Surfacing After Silence

Life. After.

I Wish My Doctors Had Listened


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I love facebook quizzes.  I have learned what my name should have been, what state I belong in, what state I am from, my element, my spirit type, and a whole lot of other things I have to believe because it’s on facebook, so it has to be true.  Yesterday, I learned that people call me a “sage” behind my back.  I think that is the polite way of saying that people call me a nerd.  This is not real news to me; I have always been a nerd, and I now claim that label with pride.

Nerds like to think.  I like to over-think.  (Does that make me a Super Nerd?)  Since July, I have been complaining about a cluster of physical symptoms, and every symptom is familiar to me.  “I feel this way when my ferritin levels start to drop,” I repeatedly told my doctors.  The only one not to suggest that it was “just stress” or “just depression” was my psychiatrist, who firmly believed there was something physical going on.  After all, over the past several months, my depression has lifted tremendously, my anxiety has decreased, and we’ve been able to stretch out my ECT treatments and go off of two of my psychiatric medications.  I said, “It doesn’t make sense that these symptoms are caused by depression if my depression is steadily improving.”  My medical doctors told me it was fine and that my ferritin levels were within normal range.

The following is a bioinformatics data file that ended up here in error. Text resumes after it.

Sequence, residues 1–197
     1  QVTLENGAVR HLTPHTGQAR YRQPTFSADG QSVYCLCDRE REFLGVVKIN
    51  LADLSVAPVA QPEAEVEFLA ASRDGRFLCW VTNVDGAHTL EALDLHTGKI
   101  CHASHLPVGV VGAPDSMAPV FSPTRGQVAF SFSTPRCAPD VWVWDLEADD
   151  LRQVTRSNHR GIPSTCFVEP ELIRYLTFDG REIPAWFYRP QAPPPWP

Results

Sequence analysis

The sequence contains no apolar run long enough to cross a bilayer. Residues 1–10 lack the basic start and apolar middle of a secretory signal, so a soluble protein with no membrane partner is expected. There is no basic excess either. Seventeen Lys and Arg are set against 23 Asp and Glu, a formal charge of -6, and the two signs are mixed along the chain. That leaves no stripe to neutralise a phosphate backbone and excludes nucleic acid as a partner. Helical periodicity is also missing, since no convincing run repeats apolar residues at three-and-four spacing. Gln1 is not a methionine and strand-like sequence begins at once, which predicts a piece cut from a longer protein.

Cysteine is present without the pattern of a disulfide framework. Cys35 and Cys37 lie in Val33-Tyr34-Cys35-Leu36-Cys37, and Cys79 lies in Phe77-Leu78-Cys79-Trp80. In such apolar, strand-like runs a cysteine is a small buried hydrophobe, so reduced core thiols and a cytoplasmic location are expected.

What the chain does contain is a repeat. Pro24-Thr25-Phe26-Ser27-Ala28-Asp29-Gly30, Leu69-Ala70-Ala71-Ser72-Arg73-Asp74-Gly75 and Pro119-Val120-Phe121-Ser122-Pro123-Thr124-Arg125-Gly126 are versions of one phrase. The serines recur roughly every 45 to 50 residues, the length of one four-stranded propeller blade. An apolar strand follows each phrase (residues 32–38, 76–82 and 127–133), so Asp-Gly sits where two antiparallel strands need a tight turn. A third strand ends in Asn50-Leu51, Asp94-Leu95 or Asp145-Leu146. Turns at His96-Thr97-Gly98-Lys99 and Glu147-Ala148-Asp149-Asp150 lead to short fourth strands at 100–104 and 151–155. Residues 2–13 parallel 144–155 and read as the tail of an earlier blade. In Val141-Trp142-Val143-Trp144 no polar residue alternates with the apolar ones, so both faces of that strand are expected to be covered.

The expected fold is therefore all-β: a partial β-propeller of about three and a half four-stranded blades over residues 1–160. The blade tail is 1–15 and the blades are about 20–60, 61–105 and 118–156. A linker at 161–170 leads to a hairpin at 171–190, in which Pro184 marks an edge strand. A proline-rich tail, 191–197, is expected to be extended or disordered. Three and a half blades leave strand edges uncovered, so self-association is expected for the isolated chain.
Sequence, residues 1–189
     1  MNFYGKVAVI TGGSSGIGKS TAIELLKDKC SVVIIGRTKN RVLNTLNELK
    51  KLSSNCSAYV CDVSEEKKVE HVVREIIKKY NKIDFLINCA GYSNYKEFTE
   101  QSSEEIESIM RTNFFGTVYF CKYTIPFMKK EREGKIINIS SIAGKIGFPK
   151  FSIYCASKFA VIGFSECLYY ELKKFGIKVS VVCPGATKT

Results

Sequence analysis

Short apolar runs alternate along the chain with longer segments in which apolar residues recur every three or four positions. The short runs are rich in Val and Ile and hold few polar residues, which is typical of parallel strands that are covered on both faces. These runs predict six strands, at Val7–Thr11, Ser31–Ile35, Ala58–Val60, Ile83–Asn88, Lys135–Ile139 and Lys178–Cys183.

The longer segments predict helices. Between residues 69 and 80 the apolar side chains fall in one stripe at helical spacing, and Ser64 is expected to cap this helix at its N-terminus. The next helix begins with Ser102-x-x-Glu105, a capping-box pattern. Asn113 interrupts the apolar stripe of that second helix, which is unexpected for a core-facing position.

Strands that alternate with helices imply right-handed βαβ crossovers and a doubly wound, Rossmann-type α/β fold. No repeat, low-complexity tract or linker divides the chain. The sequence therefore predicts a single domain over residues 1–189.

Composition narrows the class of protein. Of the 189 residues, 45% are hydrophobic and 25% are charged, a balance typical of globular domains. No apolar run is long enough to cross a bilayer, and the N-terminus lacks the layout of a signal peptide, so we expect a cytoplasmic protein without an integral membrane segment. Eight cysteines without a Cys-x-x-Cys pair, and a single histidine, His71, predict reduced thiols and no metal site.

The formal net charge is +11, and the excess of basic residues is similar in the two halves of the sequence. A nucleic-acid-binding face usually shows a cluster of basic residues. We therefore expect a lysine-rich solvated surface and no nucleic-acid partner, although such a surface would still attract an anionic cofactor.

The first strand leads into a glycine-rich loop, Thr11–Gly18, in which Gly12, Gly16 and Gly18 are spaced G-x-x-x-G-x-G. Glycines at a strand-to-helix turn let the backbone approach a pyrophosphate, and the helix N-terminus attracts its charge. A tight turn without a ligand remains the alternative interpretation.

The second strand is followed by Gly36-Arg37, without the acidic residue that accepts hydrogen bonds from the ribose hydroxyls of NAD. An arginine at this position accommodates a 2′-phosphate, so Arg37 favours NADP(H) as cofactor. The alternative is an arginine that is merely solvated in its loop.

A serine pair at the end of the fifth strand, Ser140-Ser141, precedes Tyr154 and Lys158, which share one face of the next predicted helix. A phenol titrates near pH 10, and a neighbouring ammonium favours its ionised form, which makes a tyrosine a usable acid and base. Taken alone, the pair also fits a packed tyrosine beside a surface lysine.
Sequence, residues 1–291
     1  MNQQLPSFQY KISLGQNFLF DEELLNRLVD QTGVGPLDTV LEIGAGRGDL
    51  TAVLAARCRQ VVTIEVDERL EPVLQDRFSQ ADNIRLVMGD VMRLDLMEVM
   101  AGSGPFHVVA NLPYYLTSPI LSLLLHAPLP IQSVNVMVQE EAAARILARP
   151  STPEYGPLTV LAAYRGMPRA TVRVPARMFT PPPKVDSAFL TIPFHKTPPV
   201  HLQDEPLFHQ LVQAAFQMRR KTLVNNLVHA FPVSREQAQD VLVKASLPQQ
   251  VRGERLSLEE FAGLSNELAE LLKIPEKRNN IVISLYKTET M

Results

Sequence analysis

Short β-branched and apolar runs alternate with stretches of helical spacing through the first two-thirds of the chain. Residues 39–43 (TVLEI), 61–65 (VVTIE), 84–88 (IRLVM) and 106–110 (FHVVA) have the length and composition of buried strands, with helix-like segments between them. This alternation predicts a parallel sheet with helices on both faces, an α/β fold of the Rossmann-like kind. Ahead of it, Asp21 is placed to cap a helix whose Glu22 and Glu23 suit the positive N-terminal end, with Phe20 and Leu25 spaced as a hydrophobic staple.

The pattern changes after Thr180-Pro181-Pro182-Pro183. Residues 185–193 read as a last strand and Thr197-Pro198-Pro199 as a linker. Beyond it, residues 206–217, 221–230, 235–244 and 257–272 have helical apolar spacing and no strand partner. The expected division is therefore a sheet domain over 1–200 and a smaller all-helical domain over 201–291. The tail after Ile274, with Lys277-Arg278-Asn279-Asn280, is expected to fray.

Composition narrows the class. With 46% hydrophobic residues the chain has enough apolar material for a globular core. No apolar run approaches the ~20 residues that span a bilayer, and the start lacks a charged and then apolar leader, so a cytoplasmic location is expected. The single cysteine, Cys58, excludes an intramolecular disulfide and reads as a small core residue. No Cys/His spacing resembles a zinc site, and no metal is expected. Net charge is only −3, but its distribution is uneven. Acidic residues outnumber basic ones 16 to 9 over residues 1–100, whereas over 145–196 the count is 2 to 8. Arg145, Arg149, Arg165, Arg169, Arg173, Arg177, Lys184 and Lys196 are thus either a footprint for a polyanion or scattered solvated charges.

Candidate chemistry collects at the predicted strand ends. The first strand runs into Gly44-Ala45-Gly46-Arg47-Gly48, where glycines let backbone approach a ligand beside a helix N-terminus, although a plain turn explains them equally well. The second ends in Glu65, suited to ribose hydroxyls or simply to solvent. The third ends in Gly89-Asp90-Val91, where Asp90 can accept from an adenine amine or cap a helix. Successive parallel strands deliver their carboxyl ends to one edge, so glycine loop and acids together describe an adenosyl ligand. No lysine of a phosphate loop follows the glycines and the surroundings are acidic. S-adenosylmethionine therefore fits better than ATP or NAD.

Technically, they were.  But when I dug up my labwork from the previous six years, I discovered that my current ferritin level was 2/3 below my usual norm.  One year ago, my numbers were usually around 80 (low for the average person, but normal for me since I was born iron deficient anemic).  Now they had dropped down to 16.  Off to the hematologist I went, and he was shocked my doctors had not treated this earlier, especially given my history.  “Dr. X actually told you it was probably just stress?” the hematologist asked.

I know my body.  Because of recovery.  I have learned to listen to my body and to respond appropriately.  When I practice yoga, it is no longer with the intention of “getting stronger.”  It is with the intention of listening to what my body has to tell me that day.  So sometimes I hold poses longer, sometimes I push deeper, and sometimes I skip poses completely.  Through my cardiac journey, I can “read” my heart accurately and can often tell you my pulse rate and my blood pressure without using measuring tools.

I can tell you when something is wrong with my body.  My doctors in MO knew to trust me in relaying symptoms.  My current doctors (aside from my psychiatrist) have not learned to trust me yet.  Instead, they (I sought out three separate family physicians because I never felt heard) repeatedly relied on depression and anxiety, even though I told them multiple times that “this is not what depression feels like.”

In seeing my psychiatric diagnosis on my chart, did they assume I was there for attention?  That I was merely pill-seeking?  That I couldn’t be trusted to know my own body?  I may have Bipolar Disorder and a history of Anorexia, but that doesn’t mean my doctors should disregard what I say.

Have you experienced something similar?  Could you please take my survey?  I am not a scientific statistician, and this is not an “academic level survey” that could be used in a peer-reviewed study.  You don’t have to supply your email, and you don’t have to answer every question.  If you would like to contact me, please message me with your email or send me an email at KatchukMFA@gmail.com.

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May 3, 2015 - Posted by | bipolar disorder, Communication, depression, Eating Disorders, ECT, recovery | , , , , , , , , , , , , , , , , , , ,

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